I think if NYU and Columbia and the New School start classes on time, we will see the market return to normal in August. I am guessing we will actually see a bump in professionals looking for places when work restrictions end.

There is one thing you can do it is start getting smart about finding and apartment in NYC. Go ahead and start learning about qualifying for an apartment, what documents you will need, what the costs are, whether you will need a guarantor, what fees you are comfortable with, and so forth. Adrianna Darling and I are always happy to help you start planning.

Stay safe and good luck! We are here to serve.

To work with NYC real estate agent Suzanne Goldklang email sgoldklang@corcoran.com.

Getting out: How can I break a lease in New York City?

So one of the best kept secrets of Manhattan real estate is that it can be easy and inexpensive to break a lease by using a real estate agent.

If your apartment is a good value, a real estate agent like me will be happy to list it at no cost to you.

Even better, we pay of all of the advertising costs on places like Craigslist, Facebook, StreetEasy, Zillow, Renthop and Naked Apartments.

You will first need to check with your landlord for their lease break policies. Some landlords will charge you a fee for breaking a lease, and some may have restrictions on how your lease break can be advertised.

The rest of the transaction is painless.

Realtors want listings, I am no exception.

I will list your property, take pictures and video, screen prospective tenants, set up showings, negotiate terms, help them complete an application, and get approved. Your listing will be in the REBNY database and other agents will be able to bring their clients to the table as well.

If your listing is an attractive one, you should be able to easily find someone who will put down a new deposit, pay the rent, pay the broker fee, and minimize any cost to you.

If you are looking to list a lease break please call me at 929-429-0240 or email sgoldklang@corcoran.com.

Understanding Manhattan Apartment Listings: Open vs Exclusive

So you are coming to NYC to look for an apartment, you may have looked on line, or spoken with me on the phone. If you want to make the process less stressful and confusing, it’s great to know that there are different types of listings, and the application process may feel very different based upon that.

EXCLUSIVE LISTINGS

In most of the country when you want to sell a house you find a realtor.

That listing agent lists the house. Posts ads, puts signs in the yard, hosts open houses.

Most buyers chose to work with a buyer’s agent, who will help them find places, and get them to showings.

Many EXCLUSIVE NYC rental transactions mirror this system.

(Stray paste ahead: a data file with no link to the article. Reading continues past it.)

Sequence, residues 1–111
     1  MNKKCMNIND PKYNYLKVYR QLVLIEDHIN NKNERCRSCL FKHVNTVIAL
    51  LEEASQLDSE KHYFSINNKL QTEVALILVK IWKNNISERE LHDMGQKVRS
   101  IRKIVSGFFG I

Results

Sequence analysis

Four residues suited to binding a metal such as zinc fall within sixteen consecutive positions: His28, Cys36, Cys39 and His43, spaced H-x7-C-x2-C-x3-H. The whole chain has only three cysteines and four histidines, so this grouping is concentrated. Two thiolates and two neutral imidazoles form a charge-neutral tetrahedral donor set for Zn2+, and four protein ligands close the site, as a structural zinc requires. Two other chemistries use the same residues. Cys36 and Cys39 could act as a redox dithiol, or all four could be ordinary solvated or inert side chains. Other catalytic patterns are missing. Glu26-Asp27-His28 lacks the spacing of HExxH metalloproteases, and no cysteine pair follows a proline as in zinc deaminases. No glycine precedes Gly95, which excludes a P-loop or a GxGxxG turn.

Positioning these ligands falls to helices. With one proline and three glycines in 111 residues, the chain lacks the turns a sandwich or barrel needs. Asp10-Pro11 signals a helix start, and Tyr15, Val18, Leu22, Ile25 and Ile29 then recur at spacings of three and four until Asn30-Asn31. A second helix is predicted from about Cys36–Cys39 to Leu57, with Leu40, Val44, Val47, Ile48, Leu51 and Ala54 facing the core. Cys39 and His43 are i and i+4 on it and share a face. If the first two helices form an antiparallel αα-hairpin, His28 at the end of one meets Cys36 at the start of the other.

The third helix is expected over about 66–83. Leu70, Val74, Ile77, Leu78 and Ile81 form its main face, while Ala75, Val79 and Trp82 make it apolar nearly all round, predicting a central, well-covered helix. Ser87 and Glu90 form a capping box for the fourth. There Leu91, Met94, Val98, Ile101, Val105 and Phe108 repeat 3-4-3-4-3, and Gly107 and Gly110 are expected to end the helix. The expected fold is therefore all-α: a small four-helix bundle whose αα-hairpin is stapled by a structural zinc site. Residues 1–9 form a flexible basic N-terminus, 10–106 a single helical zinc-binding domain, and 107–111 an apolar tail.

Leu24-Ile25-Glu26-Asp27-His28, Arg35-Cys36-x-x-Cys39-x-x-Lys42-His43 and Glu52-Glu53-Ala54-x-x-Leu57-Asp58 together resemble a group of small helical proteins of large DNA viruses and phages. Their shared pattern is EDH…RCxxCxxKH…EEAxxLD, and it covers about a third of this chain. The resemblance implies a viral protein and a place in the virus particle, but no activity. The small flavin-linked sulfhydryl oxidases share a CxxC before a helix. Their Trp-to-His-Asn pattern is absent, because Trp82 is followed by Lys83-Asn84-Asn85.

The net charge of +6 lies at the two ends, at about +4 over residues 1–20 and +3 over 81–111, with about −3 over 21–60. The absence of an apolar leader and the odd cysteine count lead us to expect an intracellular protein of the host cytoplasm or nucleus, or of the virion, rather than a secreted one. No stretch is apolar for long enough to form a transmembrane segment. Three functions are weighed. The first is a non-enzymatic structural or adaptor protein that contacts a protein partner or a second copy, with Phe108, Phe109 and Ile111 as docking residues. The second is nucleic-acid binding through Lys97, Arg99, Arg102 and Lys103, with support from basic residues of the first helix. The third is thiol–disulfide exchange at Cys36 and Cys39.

We sometimes will call the broker on the other side of the deal a co-broker. There is a listing agent and a tenant’s agent, the main difference is we are negotiating a lease not a sales contract.

As a tenant’s agent, I set up your appointments, talk to you about options, help with an application, and do any negotiation on concessions with the listing agent. I like working with listing agents, and that has sort of become my specialty. That listing agent controls the application process, and getting them on your side is a key to getting an apartment lots of people are interested in.

For people who are relocating, it is a big help to have a tenant’s agent. It can be overwhelming to plan 2 days of appointments with listing agents and it is a good idea to see a mix of exclusives and open listings. It also makes the most of your time. I had one client see 12 buildings in a day. I think that is a lot, but we did it.

OPEN LISTINGS

Some landlords chose not to have an exclusive listing agent, and simply allow any agent or perhaps a select group of agents to bring renters to the table.

Other times the landlord will hire a leasing agent who is an employee, and represents the landlords interests.

Those listings are called open listings.

Many, but not all open listings allow agents to advertise their properties, and bring them clients.

My listing page on Corcoran.com features open listings, as does my page on Renthop which is one of the few public platforms to advertise open listings.

Applying for an open listing is a bit different, especially if we are working with a landlord. We don’t always know how many other agents might have someone looking at an apartment, so if you like an open listing, have your application documents ready to go quickly.

So why should you care?

What part of town you choose to live in makes a difference. There are relatively few open listings on the Lower East Side. Open listings exist but do not dominate in the East Village, West Village, or Greenwich Village. On the other hand move uptown to Midtown East or the Upper East Side and there are many appealing open listings.

Almost all condo and co-ops that go up for rent are exclusives, large buildings with lots of rental apartments are generally open listings.

Becoming familiar with open listings and marketing them is an important part of being a NYC rental agent.

Of course I love working as a listing agent too. You get to meet other brokers and a wide variety of clients who sometimes decide to have me help them find a place.

Want someone to break it down in person? Hire a trustworthy agent who has experience with all types of listings! Work with Suzanne by calling 929-429-0240 or email sgoldklang@corcoran.com.